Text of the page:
The relationship between ‘Growth’ stocks and ‘Value’stocks has significantly evolved over three decades. Think of ‘Growth’ as standing for premium, structural growth whilst ‘Value’ is primarily driven by basic, cyclical factors. The difference between the two is equivalent to the valuation spread between the most expensive and cheapest stocks within each sector for the entire stock market.
Two contrasting trends emerged from the report: a declining spread during the 2000-2008 period as Value got increasingly popular followed by a 180-degree trend reversal in favor of Growth since the Great Financial Crisis. The explanation is fairly simple: As the noughties saw an abundance of growth, growth became a commodity. In that context, Value led relative to Growth. The exact opposite conditions have prevailed since 2009: the scarcity of global growth has logically resulted in a premium for it. In fact, Value has never been as cheap as today, which is entirely consistent with the evolution of the High Quality Industrials premium highlighted in these notes over the years (including most recently in ‘Superstardom’).*
When considering what could happen next to the relationship between Growth and Value, a brilliant 2017 book entitled ‘The Doughnut Economics’ by Kate Raworth, a British economist, proved highly relevant. In it, the author describes two differing perspectives on global trends.
Under a benign scenario, a technology-led boom brings the world back to an environment in which growth is commoditized. Extraordinary gains in productivity allow a lot more to be produced with a lot less, thereby decoupling economic growth from planetary resources. As a result, the equities trend observed in the last ten years reverses back from a Growth premium to a Value-led stock market. Incidentally, this scenario sees the current premium enjoyed by High Quality Industrials melt.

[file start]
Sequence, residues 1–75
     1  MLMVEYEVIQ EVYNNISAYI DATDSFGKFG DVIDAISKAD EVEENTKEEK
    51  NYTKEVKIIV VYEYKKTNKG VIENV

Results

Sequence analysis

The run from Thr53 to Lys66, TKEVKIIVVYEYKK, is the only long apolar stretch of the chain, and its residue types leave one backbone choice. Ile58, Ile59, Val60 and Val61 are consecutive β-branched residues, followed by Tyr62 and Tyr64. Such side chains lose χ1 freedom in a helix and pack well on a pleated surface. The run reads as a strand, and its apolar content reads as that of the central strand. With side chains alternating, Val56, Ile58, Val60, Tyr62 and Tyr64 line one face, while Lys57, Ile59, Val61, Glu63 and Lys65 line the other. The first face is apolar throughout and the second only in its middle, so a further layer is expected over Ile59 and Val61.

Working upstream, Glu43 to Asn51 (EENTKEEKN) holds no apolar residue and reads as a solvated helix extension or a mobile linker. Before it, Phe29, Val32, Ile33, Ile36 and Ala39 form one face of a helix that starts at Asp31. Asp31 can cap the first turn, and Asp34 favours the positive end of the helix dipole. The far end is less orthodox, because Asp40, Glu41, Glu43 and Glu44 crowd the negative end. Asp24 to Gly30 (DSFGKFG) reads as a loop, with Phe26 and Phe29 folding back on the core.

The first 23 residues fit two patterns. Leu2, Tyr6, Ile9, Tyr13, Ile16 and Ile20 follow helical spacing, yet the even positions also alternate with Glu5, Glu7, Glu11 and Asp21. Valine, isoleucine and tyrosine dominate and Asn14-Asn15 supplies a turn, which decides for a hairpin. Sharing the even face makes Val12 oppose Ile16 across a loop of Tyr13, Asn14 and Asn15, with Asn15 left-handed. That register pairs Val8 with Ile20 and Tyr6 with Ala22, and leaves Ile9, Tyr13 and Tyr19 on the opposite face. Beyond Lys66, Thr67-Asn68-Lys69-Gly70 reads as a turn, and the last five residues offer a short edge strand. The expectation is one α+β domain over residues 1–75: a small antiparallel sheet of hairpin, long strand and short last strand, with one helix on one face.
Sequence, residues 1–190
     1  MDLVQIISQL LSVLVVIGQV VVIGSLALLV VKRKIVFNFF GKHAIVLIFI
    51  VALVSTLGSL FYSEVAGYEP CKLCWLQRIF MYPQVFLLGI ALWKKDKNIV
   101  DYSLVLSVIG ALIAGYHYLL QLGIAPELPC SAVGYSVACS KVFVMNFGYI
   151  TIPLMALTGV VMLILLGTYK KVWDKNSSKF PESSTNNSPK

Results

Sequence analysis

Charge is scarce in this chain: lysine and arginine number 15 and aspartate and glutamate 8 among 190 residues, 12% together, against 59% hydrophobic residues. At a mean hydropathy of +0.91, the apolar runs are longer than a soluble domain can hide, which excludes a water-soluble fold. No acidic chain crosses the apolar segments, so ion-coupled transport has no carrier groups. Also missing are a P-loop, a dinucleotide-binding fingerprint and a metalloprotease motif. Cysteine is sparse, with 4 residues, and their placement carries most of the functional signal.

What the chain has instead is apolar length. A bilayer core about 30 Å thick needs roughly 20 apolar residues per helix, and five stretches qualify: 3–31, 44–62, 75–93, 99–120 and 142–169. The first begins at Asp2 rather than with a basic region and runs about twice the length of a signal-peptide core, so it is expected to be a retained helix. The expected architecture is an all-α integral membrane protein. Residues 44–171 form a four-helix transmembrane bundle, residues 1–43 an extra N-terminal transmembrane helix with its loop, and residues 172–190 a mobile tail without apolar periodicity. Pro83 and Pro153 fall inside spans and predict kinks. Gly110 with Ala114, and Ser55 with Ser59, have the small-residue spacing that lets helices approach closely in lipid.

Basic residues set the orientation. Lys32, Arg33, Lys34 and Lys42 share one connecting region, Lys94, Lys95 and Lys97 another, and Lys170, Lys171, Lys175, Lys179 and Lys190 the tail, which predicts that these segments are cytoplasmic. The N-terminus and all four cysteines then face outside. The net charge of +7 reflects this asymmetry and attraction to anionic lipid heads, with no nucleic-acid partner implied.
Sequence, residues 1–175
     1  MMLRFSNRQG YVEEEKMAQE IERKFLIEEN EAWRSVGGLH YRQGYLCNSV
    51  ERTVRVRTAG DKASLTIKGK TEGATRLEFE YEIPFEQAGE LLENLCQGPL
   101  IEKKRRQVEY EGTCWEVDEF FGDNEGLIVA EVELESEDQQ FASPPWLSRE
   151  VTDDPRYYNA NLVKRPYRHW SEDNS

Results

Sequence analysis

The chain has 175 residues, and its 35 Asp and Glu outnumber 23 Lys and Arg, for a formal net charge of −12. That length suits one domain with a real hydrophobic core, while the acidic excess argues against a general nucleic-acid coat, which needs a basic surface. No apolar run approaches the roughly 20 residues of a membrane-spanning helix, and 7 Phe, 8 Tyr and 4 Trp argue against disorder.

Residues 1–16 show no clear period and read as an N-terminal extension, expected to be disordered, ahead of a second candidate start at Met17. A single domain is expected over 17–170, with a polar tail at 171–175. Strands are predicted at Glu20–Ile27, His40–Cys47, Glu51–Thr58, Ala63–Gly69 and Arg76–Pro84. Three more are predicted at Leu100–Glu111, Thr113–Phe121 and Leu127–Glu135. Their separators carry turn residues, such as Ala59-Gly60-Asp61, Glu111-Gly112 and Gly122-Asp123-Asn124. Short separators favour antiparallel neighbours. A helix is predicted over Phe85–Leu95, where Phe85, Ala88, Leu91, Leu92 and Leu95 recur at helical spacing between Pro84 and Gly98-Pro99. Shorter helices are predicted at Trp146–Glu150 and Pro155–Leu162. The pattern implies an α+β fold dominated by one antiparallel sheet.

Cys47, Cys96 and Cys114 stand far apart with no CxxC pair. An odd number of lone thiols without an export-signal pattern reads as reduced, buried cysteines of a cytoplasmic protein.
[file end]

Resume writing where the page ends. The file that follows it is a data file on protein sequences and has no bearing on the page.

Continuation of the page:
In the alternative scenario, the global economy has reached a ‘post-growth’ stage, at least in raw GDP terms: There are no sufficient resources to support historical growth levels. Worse, addicted to growth, the world has overshot its production potential, pushing the global economy into an unsustainable state.
Kate Raworth then introduces the doughnut concept whereby the inner boundary of the donut represents minimum social standards and the outer one an ecological ceiling. A sustainable economic model taking into consideration the need for strong social foundations and the availability of physical resources is achieved in-between, in the thickness of the donut. As a consequence, the current pillars of the capitalistic system are to be redesigned to become, in the words of Mrs. Raworth, ‘growth-agnostic’. The author then discusses the far-reaching implications for wealth measurement (away from GDP), monetary policy, fiscal policy, etc.
Under the ‘post-growth’ scenario, it appears to me that ‘success’ would have to be entirely redefined. Humans’ invaluable competitive streak – that exceptional drive to win – would need to be diverted away from the objective of incremental wealth accumulation towards higher sustainability ratings. It would be similar to going on a diet: The satisfaction arising from some form of indulgence must be replaced with that of discipline and long term health for an identical, if not higher level of happiness. It is always about wanting more since humanity is wired that way – just more of a good thing, instead of more of a bad one. The goalposts must be simply shifted.
In this context, Growth will continue to win against Value hands down, and the premium enjoyed by High Quality Industrials will stay, if not increase – noting that the definition of Growth will morph to encompass sustainability. Indeed, isn’t sustainability a growing concept?